National Wildlife Refuge
|State Hwy 56 and Lighthouse Rd
Kilauea, HI 96754 - 1128
Phone Number: 808-828-1413
|Visit the Refuge's Web Site:
Hanalei National Wildlife Refuge
Hanalei National Wildlife Refuge is located in the beautiful Hanalei River Valley on Kaua'i's north shore. Encircled by waterfall-draped mountains, the 917-acre refuge was established in 1972 to provide nesting and feeding habitat for endangered Hawaiian water birds, including the Hawaiian duck (koloa maoli), coot ('alae ke'oke'o), moorhen ('alae 'ula), and stilt (ae'o).
In order to protect the endangered species, most of the Hanalei Refuge is closed to the public, but wildlife can be viewed from the Hanalei Valley Overlook across from the Princeville Shopping Center.
Getting There . . .
To find the refuge office, turn left just after crossing the Hanalei River Bridge onto Ohiki Road and continuing past the Haraguchi Rice Mill to the last buildings on the right.
Get Google map and directions to this refuge/WMD from a specified address:
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Hanalei NWR consists of approximately 75 acres of wildlife impoundments, 180 acres of taro patches, and 90 acres of riparian pasture managed for the recovery of endangered Hawaiian waterbirds and wintering habitat for migratory waterfowl and shorebirds. Within the past 200 years, Hawai‘i has lost more than 31% of its coastal wetlands. Of the wetlands that remain, the majority is degraded by altered hydrology, contaminants, and invasive species.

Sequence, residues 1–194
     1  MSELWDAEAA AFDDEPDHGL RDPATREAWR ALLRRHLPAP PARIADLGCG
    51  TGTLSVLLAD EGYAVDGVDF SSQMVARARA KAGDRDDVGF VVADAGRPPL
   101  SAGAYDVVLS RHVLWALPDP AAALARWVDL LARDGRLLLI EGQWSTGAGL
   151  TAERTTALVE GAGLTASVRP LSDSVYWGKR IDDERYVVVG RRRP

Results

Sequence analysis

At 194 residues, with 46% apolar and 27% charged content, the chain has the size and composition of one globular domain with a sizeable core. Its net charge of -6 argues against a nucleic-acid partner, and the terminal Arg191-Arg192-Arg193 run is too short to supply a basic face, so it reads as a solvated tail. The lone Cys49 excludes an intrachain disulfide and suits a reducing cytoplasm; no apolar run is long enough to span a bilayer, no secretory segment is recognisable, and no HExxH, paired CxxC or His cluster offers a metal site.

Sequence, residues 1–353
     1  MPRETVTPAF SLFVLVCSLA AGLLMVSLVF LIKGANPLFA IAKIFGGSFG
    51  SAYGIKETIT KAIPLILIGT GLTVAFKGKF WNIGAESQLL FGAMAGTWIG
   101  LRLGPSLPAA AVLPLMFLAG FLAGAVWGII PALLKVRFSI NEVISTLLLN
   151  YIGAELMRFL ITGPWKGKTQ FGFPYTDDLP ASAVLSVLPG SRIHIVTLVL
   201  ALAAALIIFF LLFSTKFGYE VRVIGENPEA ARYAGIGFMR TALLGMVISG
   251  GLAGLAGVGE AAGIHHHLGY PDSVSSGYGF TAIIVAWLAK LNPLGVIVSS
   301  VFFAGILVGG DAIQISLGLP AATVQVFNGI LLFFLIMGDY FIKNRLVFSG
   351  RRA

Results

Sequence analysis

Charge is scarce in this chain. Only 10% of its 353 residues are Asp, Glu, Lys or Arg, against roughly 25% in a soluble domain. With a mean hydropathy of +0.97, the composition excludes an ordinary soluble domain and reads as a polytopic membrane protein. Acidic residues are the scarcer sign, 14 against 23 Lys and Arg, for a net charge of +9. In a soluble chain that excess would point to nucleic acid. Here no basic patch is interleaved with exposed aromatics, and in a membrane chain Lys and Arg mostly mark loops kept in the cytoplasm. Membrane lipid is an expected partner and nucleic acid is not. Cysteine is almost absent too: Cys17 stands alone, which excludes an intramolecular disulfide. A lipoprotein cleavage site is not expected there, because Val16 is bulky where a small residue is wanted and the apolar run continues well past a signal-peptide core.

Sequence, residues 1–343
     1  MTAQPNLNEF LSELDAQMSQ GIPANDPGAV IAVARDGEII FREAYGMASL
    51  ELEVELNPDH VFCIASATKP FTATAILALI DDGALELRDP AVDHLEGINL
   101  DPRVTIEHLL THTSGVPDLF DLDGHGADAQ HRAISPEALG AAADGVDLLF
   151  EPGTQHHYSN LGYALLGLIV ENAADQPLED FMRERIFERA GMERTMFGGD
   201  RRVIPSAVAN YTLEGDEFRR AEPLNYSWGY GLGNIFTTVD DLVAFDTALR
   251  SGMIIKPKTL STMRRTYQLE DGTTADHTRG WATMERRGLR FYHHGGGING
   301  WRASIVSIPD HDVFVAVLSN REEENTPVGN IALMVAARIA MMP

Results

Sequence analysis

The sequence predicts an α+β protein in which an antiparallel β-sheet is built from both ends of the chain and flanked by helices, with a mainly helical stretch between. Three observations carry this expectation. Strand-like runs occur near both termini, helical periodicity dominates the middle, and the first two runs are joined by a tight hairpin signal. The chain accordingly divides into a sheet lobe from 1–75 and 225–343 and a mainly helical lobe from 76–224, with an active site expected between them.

With the year-round growing season, refuge impoundments require intensive management efforts including mowing, disking, and water manipulation to provide the needed habitat for water birds. The refuge employs a technique known as moist-soil management which involves the manipulation of soils, hydrology, and vegetation to simulate the dynamics of seasonally-flooded wetlands to meet the life history requirements of endangered Hawaiian waterbirds.
Taro is a member of the Philodendron family (Araceae) farmed for its corm and leaves. Wetland taro is cultivated in flooded patches similar to rice paddy culture. Taro is farmed by local farmers with historical ties to the land by permits with special terms for endangered Hawaiian waterbirds. The taro patches provide additional freshwater and grassland habitat for endangered Hawaiian waterbirds as well as a traditional Hawaiian food source.
Introduced animals such as dogs, cats, rats, barn owls, cattle egrets, and bullfrogs are predators of endangered Hawaiian waterbird adults and young and are controlled on the refuge to reduce their impact on the endangered birds.